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New, free digital tool by Zone startup helps refugees, immigrants with PTSD

CEO and co-founder Sakeena Mihar wins $10,000 Penny Appeal award for innovative mental health platform
By: Lindsey Craig
December 14, 2021
A woman in a hijab stands with a little girl, their backs to the camera, a city scene in the distance.

One in 10 Canadians will experience PTSD in their lifetime - with 570,000 of them immigrants and refugees. An estimated 35 per cent of them will face barriers to support, making them 15 times more likely to die by suicide. A new tool by Ryerson startup Savyn aims to ensure they can get the help they need. (Photo: iStock)

When Sakeena Mihar arrived in Canada from a war-torn country, she escaped the violence at home - but the impacts of the trauma came with her.

“The first time I moved to Toronto and I heard sirens, my heart just started beating really fast, like my brain was frozen. I felt like I was back at war. I didn’t understand what I had just experienced,” she said.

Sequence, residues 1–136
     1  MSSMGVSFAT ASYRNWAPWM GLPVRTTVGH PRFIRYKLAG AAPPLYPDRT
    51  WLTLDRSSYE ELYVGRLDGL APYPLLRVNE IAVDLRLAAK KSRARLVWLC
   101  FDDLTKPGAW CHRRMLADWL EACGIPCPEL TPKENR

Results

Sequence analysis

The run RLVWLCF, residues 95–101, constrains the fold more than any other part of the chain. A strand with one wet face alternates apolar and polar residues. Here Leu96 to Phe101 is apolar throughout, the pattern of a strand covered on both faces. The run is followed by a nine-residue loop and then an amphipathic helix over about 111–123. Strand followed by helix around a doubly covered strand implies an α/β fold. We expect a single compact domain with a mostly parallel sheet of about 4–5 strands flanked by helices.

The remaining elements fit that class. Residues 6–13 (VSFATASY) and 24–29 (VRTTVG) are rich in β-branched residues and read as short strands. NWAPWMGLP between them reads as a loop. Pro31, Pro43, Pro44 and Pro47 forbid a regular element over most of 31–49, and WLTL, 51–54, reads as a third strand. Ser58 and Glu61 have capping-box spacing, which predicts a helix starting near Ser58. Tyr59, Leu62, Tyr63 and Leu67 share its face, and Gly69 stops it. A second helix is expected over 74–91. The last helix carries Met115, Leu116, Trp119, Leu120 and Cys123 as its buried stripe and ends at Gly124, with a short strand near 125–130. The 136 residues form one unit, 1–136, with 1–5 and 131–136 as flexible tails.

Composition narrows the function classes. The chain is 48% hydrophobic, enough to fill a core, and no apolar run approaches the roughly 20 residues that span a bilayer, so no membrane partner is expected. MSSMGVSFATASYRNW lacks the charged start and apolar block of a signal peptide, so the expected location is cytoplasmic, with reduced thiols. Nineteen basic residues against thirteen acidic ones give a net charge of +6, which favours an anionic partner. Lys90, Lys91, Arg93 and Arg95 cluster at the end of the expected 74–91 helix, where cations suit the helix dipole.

Years later, Mihar was diagnosed with Post-Traumatic Stress Disorder (PTSD) and came to learn that what she was experiencing were panic attacks. At the time, however, she didn’t know what PTSD was and says, even if she did, as a newcomer, she didn’t have access to therapy or support.

Today, she’s trying to change that so other survivors of trauma don’t have to go through what she did. Mihar recently launched Savyn (external link)  - a free, digital tool to help adults with PTSD heal and build resilience. 

While anyone who has experienced trauma can use Savyn, including survivors of domestic violence or sexual assault, what makes Mihar’s platform unique is that it was created with the needs of refugees and immigrants specifically in mind.

$10,000 prize

It’s part of the reason that Mihar and her co-founder, Vic Chiang, recently won the first-place prize of $10,000 in the Penny Appeal Canada Social Accelerator Fund. The awards are given to socially impactful ventures by startups in the university’s Zone Learning network and Social Ventures Zone.

 “I’m so grateful to the judges and Penny Appeal for making this happen. The funding will help us so much,” said Mihar, who now has 10 part-time volunteers working for the startup, which, in addition to the Social Ventures Zone, is also incubated in the Biomedical Zone and Ryerson Venture Zone in Brampton.

 “I didn’t really have expectations when I applied. I just thought, I’m going to go tell my story and what we are doing, and how much this award would mean. And when I heard that we got it - I was just thrilled - like, I was speechless.”